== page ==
4. Ray&Paula thread starter macrumors regular

    Feb 12, 2015
    Thanks to all for the great replies...... I need to educate myself of which would be best for transcoding in FCPX. Camera native, Optimized ProRes 422 and/or Proxy ProRes 422. I believe (and please correct me if I'm wrong), Optimized would be the best for both quality and final output. Transcoding to Proxy during the editing process would be the best way to edit if using Optimized is slowing you down.
    I have a couple questions;
    1) If I edited my entire project in Optimized, could I save it as Proxy on my editing RAID hard drive and/or backup hard drive in order to save space? If so, could I bring it back and make the project Optimized once again?
    2) How would this effect the rendering process?

    As you can see, I need to learn about these processes within FCPX. I'm well versed in Sony Vegas Pro, therefore I do have a some feel in video editing. I do expect that stepping up to the iMac and FCPX there will be a number of learning curves, but I'm up for it. With all the tutorials out there and even more importantly, suggestions, tips, etc. from folks like all of you, I feel I can't go wrong. I sincerely appreciate your help and time. Thanks, Ray
  5. joema2 macrumors 68000


    Sep 3, 2013
    You normally don't need to transcode anything nor use optimized nor proxy media. FCPX is perfectly capable of editing the camera native files in most cases. While there may be some narrow exceptions, in general transcoding does not add appreciably to final quality.

    If you are editing H264 4K multicam it might be useful to transcode to proxy for smoother editing performance. However I have edited that on my 2015 iMac 27 without transcoding and it's not bad, just a little laggy.

    In general you don't need to "save it as proxy". Proxy and/or optimized files are transparent scratch files transparently used by FCPX if you request that. They are non-essential and can both easily be deleted to save space without losing any edits. If you want them back, just ask FCPX to re-generate them using your current edits and timeline. They have no material effect on image quality of the final exported product.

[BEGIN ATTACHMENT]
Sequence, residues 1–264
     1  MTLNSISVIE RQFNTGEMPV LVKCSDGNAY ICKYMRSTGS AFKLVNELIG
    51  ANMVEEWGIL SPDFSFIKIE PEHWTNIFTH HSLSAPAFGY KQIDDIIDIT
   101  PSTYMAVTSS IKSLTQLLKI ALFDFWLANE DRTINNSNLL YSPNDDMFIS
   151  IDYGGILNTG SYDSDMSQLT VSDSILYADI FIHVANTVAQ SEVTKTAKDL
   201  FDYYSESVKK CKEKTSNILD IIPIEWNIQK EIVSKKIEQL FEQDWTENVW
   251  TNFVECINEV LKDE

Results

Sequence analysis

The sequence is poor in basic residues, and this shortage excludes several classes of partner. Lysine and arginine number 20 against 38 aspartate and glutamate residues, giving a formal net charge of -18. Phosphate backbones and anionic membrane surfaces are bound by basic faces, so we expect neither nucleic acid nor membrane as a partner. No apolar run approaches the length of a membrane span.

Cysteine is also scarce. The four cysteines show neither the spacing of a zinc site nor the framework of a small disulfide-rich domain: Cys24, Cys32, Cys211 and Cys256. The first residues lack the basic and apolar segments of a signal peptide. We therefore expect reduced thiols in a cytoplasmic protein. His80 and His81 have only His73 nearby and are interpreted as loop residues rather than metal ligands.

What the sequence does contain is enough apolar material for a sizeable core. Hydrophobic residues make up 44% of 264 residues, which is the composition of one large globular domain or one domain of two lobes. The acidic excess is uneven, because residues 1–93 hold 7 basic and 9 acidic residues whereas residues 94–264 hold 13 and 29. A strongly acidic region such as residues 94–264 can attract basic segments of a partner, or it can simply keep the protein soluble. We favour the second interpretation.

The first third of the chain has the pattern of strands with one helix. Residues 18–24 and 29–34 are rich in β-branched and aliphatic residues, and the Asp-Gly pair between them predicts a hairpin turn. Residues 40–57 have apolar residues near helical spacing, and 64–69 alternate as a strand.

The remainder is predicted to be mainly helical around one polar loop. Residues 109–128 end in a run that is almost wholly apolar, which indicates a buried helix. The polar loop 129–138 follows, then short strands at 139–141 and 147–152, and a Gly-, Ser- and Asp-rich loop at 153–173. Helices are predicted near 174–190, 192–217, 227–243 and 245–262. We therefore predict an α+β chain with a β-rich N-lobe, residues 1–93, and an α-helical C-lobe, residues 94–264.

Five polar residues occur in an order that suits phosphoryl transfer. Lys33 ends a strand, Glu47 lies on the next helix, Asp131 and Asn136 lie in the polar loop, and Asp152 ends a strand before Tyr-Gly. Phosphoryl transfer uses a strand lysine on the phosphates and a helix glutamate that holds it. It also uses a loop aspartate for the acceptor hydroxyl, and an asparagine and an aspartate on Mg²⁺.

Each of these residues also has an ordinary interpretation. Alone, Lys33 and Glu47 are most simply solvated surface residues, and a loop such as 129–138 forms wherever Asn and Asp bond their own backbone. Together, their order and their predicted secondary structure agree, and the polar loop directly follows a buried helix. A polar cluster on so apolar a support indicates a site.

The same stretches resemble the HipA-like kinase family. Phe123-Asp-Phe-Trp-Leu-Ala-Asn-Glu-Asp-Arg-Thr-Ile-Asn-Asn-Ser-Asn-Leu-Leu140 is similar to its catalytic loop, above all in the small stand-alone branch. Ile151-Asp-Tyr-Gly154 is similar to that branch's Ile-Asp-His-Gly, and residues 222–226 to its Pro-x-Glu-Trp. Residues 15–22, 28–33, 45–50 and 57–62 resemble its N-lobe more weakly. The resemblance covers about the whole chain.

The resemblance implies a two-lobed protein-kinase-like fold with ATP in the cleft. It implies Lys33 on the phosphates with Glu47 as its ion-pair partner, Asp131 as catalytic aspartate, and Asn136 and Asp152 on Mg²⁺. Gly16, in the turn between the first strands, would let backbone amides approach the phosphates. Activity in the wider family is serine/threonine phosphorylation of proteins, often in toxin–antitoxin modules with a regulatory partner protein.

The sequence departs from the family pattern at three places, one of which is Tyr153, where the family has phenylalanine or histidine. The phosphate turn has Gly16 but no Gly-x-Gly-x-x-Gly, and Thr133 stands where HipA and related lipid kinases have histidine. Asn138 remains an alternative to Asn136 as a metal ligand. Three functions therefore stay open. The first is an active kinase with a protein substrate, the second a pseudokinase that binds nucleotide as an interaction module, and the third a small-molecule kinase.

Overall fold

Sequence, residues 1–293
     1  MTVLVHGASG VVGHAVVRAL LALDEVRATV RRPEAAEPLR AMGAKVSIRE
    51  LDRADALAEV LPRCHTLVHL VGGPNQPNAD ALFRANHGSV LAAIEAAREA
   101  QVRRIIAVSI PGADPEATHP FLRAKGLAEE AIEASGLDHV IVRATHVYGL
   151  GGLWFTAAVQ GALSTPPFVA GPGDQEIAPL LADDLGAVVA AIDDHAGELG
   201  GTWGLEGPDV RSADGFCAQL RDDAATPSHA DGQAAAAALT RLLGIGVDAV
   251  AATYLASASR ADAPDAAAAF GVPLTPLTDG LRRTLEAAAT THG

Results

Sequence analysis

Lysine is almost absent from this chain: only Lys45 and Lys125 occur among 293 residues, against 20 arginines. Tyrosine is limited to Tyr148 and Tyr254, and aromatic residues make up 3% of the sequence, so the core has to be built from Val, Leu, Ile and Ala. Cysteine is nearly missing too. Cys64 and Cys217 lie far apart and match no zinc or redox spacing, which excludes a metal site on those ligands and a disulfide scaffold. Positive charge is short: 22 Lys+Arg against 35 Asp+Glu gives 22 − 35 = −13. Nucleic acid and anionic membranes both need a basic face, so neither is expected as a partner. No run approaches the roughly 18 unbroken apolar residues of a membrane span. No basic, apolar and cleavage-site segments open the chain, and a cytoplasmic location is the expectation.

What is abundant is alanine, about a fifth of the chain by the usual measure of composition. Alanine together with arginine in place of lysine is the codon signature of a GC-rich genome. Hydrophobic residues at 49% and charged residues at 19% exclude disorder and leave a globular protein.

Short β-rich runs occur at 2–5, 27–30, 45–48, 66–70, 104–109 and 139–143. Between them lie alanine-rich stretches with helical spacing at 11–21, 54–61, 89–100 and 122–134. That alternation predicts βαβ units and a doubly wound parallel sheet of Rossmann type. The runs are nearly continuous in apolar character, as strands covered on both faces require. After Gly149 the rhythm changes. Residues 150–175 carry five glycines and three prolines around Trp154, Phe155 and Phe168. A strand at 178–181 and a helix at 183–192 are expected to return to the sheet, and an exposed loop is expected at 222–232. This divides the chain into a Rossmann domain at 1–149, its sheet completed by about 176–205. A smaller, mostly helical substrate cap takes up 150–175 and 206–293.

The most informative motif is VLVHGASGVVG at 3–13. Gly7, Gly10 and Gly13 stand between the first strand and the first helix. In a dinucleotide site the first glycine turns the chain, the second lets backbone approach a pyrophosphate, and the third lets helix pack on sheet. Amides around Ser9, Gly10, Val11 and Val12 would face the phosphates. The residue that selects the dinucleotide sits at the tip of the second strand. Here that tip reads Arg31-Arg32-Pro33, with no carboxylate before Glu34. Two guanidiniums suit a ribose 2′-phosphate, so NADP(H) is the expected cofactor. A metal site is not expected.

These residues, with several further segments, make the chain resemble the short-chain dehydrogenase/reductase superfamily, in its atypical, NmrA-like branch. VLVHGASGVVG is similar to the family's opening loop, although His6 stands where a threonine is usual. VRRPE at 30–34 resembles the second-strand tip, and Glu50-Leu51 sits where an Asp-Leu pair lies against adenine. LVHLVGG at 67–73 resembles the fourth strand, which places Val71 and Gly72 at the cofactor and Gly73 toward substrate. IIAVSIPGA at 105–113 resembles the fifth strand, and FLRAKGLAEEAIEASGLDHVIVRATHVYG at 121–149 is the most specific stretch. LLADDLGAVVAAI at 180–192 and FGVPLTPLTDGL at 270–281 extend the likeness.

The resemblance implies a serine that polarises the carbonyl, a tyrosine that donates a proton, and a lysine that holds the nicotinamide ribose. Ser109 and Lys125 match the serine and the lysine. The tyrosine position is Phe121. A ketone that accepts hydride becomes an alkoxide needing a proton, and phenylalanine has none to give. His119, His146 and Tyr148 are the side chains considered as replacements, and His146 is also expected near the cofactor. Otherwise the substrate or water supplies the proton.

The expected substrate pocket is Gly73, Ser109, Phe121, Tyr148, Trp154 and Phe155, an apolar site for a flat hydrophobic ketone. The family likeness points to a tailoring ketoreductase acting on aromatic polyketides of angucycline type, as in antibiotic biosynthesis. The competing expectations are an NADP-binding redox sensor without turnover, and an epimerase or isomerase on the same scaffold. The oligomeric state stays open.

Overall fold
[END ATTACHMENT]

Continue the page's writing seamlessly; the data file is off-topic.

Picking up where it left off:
Rendering (ie applying an effect in the timeline then doing an in-timeline render) will be significantly faster for proxy. Whether that makes a useful difference varies based on material and machine. I never use proxy on 1080p and not always on 4k. FCPX is so fast on a new iMac you don't need it. In some cases using proxy files can be useful.

    The artistic aspects of editing don't change but FCPX uses profoundly different paradigms in two main areas. You don't have to use the new workflow -- you can continue editing on FCPX the same as Vegas. However it is more efficient to learn the new style. These two main areas are:

    (1) Database-driven media management. FCPX facilitates and encourages importing *all* your data without even examining it outside the editor. The tools for skimming, rating and keywording your content are much faster than any other tool. Instead of messing around with folders and bins, you skim it and quickly mark the content various ways, and only then start editing in the timeline.

    (2) Magnetic timeline, which encompases several related concepts. You can override this using the "precision editor" and detach the audio to separate "tracks" but it is not the optimal working style.

    It is worth getting quality on-line training from Larry Jordan, Ripple Training or Lynda.com.

    Rick Young has a good book on FCPX (Focal Easy Guide to Final Cut Pro X 2nd ed), plus some tutorial videos here:
  6. Ray&Paula thread starter macrumors regular

    Feb 12, 2015
    Thanks again for your help....... I'm beginning to understand the workflow. I have been looking at all three of the trainers you mentioned for the past year. I totally agree that these trainers are the best out there. I truly enjoy listening to Mark Spencer from Ripple and plan on purchasing their FCPX and Motion bundle tutorials. Mark and Larry both are very clear and great teachers. I'm am very excited about learning FCPX and Motion. Right now my biggest concern is getting the proper setup in regards to hardware/external hard drives. I believe with a maxed out iMac, 24TB Pegasus2 R8 and a couple backup external hard drives I should be well on my way to a great video editing experience. I enjoyed learning Sony Vegas, but I really believe that learning FCPX, Motion, Compressor along with Plugins will be in a word Awesome. Your advise is most welcome anytime. Thanks again for all your help, you are truly a great asset to this forum. Ray